Now there is a common division of goods into three classes; one being called external, the other two those of the soul and body respectively, and those belonging to the soul we call most properly and specially good. Well, in our definition we assume that the actions and workings of the soul constitute Happiness, and these of course belong to the soul. And so our account is a good one, at least according to this opinion, which is of ancient date, and accepted by those who profess philosophy. Rightly too are certain actions and workings said to be the end, for thus it is brought into the number of the goods of the soul instead of the external. Agreeing also with our definition is the common notion, that the happy man lives well and does well, for it has been stated by us to be pretty much a kind of living well and doing well.

But further, the points required in Happiness are found in combination in our account of it.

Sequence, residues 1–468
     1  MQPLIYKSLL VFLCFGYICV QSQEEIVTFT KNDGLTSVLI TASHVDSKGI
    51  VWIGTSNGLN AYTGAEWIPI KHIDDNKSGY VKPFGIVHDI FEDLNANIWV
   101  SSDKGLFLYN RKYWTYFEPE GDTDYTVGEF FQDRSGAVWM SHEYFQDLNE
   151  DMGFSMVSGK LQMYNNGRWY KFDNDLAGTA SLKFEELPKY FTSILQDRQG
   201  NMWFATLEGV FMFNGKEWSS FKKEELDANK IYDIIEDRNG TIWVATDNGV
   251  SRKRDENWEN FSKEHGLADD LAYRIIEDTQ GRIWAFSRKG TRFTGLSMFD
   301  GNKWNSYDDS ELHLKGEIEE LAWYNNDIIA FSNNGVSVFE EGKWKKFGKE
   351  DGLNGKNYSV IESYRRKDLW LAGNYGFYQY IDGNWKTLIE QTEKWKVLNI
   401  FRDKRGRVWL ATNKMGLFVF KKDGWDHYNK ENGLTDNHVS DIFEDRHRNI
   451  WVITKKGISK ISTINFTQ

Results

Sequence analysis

For some think it is virtue, others practical wisdom, others a kind of scientific philosophy; others that it is these, or else some one of them, in combination with pleasure, or at least not independently of it; while others again take in external prosperity.

Of these opinions, some rest on the authority of numbers or antiquity, others on that of few, and those men of note: and it is not likely that either of these classes should be wrong in all points, but be right at least in some one, or even in most.

Now with those who assert it to be Virtue (Excellence), or some kind of Virtue, our account agrees: for working in the way of Excellence surely belongs to Excellence.